Where abouts in NZ could I buy a battery powered soldering iron? DSE used to sell one, but that either sold out or was phased out pretty quickly. What sort of pricerange are they in?

godfather
11-11-2004, 08:24 AM
Not sure that there are any on the market now, as butane have displaced them.

Billy T
11-11-2004, 10:27 AM
> Where abouts in NZ could I buy a battery powered
> soldering iron? DSE used to sell one, but that either
> sold out or was phased out pretty quickly. What sort
> of pricerange are they in?


DSE still sell 12 volt soldering irons and have stocks in most shops. Search their site for Cat T2100. They cost around $30-$35 from memory.

Cheers

Billy 8-{)

somebody
11-11-2004, 10:34 AM
Cheers Billy.

However, I'm looking for the type similar to the Coldheat one - ie. soldering iron with a battery built in. I have seen a Wahl Isotip (or something like that) battery powered soldering iron available overseas, and i'm curious to see if a similar type would be avail. here in NZ. Any ideas?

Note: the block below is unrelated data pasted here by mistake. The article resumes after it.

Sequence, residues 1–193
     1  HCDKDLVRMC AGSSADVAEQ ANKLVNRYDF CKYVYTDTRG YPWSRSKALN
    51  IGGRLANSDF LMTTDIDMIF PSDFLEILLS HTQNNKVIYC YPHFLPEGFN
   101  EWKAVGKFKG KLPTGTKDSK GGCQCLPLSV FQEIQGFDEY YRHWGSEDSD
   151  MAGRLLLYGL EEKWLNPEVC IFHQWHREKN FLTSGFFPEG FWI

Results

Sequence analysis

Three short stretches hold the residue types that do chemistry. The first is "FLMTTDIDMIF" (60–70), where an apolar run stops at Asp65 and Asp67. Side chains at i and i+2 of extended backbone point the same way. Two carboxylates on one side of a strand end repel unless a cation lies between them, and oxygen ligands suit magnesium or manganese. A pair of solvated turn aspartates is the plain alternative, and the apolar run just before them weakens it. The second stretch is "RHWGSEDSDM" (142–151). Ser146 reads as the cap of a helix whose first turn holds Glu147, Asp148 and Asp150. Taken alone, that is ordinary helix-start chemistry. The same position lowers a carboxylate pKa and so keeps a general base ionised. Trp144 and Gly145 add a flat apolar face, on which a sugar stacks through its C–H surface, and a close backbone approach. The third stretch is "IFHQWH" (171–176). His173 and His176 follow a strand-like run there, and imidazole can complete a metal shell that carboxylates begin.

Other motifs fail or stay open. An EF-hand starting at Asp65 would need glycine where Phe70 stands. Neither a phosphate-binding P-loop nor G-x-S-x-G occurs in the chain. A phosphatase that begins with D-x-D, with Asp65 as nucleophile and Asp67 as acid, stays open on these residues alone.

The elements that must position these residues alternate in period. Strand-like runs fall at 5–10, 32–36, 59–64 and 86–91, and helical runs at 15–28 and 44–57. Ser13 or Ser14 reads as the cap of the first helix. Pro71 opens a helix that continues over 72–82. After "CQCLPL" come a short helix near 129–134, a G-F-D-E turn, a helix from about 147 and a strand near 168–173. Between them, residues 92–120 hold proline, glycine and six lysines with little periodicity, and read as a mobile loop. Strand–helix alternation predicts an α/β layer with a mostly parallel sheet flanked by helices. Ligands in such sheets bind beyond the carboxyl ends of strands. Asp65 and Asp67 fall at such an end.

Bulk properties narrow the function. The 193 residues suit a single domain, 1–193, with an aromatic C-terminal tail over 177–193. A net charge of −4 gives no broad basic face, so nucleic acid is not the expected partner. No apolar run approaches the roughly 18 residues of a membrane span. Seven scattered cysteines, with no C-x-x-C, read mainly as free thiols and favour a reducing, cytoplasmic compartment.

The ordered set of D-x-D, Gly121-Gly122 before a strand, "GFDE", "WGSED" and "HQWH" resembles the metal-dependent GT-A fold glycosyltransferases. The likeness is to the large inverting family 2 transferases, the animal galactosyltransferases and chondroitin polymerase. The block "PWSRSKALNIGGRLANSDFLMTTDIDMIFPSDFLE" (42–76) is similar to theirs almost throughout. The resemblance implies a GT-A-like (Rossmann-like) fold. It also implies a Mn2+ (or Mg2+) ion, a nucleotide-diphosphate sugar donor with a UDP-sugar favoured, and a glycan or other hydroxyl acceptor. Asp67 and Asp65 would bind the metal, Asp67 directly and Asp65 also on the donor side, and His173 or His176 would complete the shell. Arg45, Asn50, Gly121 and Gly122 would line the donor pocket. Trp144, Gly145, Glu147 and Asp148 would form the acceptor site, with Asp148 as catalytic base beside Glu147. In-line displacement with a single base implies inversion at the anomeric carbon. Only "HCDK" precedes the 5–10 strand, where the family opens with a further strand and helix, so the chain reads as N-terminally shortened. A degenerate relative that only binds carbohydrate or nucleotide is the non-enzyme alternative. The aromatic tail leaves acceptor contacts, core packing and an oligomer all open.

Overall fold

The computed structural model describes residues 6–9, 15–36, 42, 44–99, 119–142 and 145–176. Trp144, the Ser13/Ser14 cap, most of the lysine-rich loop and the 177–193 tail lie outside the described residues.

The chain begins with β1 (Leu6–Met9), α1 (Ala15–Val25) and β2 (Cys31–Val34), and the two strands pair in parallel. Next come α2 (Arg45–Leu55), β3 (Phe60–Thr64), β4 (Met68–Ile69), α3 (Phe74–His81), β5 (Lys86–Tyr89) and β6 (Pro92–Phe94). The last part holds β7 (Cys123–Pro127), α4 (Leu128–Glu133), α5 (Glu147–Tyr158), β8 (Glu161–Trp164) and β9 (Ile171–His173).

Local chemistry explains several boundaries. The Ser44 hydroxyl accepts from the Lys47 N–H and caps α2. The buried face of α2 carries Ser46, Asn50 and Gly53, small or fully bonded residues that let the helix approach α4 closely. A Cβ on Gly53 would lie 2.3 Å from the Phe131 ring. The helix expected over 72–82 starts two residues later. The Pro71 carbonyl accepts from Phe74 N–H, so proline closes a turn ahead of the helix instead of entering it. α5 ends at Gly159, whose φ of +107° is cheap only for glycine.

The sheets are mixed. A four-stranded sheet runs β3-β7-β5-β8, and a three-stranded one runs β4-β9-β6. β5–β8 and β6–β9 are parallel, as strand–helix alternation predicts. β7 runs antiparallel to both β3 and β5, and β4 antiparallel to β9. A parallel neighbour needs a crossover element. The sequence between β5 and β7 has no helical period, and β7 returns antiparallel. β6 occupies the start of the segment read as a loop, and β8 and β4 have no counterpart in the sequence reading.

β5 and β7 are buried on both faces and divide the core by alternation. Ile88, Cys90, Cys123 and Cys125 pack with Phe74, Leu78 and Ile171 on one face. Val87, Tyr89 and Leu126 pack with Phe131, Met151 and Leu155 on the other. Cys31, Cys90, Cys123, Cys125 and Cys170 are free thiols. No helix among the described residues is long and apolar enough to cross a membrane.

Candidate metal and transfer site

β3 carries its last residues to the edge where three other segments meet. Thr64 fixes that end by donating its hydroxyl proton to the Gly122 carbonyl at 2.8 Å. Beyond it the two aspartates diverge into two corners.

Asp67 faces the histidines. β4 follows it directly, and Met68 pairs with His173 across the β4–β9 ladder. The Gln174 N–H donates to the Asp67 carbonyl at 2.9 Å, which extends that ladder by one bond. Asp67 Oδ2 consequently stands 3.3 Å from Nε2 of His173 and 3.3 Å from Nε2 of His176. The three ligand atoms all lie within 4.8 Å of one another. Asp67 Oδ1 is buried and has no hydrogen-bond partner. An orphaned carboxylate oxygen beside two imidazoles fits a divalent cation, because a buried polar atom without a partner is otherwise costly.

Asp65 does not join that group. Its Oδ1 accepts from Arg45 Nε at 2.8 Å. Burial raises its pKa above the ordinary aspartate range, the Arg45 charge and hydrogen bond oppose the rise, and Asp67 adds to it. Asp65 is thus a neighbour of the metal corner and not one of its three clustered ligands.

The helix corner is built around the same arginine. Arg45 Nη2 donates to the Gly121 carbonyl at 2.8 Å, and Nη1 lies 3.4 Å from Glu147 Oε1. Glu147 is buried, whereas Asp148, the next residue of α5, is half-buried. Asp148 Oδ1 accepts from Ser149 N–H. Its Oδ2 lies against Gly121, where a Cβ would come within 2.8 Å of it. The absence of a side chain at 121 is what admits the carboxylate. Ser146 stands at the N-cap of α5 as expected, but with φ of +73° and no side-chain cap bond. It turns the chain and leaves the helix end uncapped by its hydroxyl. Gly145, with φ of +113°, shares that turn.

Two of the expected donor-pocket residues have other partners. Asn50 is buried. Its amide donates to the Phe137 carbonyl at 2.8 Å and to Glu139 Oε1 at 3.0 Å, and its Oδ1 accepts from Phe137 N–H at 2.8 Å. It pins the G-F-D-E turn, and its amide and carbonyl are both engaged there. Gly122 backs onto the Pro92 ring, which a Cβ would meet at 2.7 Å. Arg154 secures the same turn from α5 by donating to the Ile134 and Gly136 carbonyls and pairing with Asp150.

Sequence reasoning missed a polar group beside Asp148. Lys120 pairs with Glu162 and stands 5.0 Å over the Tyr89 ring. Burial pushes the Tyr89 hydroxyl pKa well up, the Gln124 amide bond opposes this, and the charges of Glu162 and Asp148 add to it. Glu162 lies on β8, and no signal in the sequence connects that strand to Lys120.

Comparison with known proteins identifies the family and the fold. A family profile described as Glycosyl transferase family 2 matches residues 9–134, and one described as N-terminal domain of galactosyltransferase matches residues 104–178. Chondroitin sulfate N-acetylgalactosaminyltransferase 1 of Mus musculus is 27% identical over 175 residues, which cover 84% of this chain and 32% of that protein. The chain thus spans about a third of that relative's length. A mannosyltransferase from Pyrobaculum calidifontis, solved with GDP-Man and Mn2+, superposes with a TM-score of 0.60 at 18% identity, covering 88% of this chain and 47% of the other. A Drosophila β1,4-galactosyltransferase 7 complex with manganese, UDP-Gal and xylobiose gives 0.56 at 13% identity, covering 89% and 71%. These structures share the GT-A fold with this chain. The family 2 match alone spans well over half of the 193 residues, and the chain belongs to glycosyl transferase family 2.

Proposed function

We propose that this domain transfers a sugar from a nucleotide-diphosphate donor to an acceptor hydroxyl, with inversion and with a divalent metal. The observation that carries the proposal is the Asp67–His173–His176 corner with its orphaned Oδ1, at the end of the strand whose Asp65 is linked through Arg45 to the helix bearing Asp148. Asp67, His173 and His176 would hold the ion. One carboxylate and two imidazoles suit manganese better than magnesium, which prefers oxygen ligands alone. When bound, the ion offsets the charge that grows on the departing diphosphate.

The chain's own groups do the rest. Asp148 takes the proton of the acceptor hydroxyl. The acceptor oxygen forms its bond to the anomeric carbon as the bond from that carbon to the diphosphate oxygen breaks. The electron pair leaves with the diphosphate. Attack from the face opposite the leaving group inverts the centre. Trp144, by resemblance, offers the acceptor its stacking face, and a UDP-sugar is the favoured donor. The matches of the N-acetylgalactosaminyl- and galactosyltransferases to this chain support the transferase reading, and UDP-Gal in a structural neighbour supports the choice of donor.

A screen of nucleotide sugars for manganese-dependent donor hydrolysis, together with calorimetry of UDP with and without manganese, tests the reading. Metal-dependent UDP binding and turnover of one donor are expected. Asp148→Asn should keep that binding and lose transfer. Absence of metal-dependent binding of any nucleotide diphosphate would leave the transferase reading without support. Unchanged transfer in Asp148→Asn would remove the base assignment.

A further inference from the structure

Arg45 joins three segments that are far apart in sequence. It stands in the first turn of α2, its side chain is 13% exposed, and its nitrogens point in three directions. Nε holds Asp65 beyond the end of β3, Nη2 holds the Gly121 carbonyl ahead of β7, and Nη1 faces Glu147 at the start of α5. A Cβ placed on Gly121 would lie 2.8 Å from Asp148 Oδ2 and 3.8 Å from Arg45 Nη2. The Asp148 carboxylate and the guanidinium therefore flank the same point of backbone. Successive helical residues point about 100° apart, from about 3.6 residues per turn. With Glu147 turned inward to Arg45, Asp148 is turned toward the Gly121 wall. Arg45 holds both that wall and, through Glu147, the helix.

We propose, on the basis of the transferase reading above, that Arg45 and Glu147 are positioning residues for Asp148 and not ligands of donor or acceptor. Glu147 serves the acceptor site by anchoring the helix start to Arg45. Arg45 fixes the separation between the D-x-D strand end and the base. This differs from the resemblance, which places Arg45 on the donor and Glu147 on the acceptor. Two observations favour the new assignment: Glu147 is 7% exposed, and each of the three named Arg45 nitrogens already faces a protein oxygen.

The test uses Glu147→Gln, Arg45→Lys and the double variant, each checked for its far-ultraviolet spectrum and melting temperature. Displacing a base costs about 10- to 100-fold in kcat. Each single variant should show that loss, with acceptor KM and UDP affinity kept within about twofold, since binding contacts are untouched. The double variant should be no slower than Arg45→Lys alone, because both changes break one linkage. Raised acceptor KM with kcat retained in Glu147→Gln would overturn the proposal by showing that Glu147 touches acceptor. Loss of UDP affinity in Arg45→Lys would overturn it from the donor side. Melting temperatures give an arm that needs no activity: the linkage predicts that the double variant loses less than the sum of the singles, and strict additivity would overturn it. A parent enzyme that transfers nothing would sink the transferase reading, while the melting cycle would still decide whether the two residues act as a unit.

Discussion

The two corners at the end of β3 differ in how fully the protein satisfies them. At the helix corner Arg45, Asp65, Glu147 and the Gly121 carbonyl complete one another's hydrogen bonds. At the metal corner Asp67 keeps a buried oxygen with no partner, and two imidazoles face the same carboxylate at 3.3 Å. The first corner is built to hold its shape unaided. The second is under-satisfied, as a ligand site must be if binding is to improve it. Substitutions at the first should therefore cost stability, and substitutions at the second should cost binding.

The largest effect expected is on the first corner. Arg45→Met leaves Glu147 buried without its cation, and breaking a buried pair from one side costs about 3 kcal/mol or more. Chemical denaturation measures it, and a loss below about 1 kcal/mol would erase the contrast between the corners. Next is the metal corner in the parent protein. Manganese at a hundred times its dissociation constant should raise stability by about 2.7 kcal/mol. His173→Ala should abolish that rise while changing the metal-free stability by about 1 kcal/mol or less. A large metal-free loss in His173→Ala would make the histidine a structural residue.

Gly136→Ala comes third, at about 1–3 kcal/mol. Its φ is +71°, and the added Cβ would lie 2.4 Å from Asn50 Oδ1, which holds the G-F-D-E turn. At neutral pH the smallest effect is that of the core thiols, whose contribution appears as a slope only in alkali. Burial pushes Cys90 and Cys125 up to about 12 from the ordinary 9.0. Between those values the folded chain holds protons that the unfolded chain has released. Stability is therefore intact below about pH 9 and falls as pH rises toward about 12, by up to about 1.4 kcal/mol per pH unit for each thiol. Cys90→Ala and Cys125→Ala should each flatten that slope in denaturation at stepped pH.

Graham L
11-11-2004, 11:28 AM
It's a bit like a cordless chainsaw. Not really up to a day's work.

I'm spoiled by decent temperature controlled irons ... and I sometimes use a Weller soldering station on an inverter. :-; I'm sometimes tempted to connect a couple of Gel lead-acid batteries in series, and use the iron direct.

The Scope irons pulled something like 30 amps. The transformers gave 3.3 V. So these days you could use a Pentium as a soldering iron. Briefly.

somebody
11-11-2004, 03:11 PM
Thanks Graham. Maybe i'll have to ditch my ideas of getting a battery powered soldering iron... I'll have to stick to the plug-into-the-wall ones I guess.

godfather
11-11-2004, 03:25 PM
What is wrong with the butane ones?

They work very well, a little severe on temperature unless used carefully.

somebody
11-11-2004, 03:30 PM
I have a bit of a fear of compressed gas, but anyway:

How good do you think the DSE Cat#: T1104 is?

What do you look for when choosing a good butane soldering iron?

I have absolutely no idea of what to look for, so any help would be much appreciated.

Billy T
11-11-2004, 03:55 PM
> What is wrong with the butane ones?

You can't take them on an aircraft GF, which is a real bummer if you are offering a nation-wide service. :(

Cheers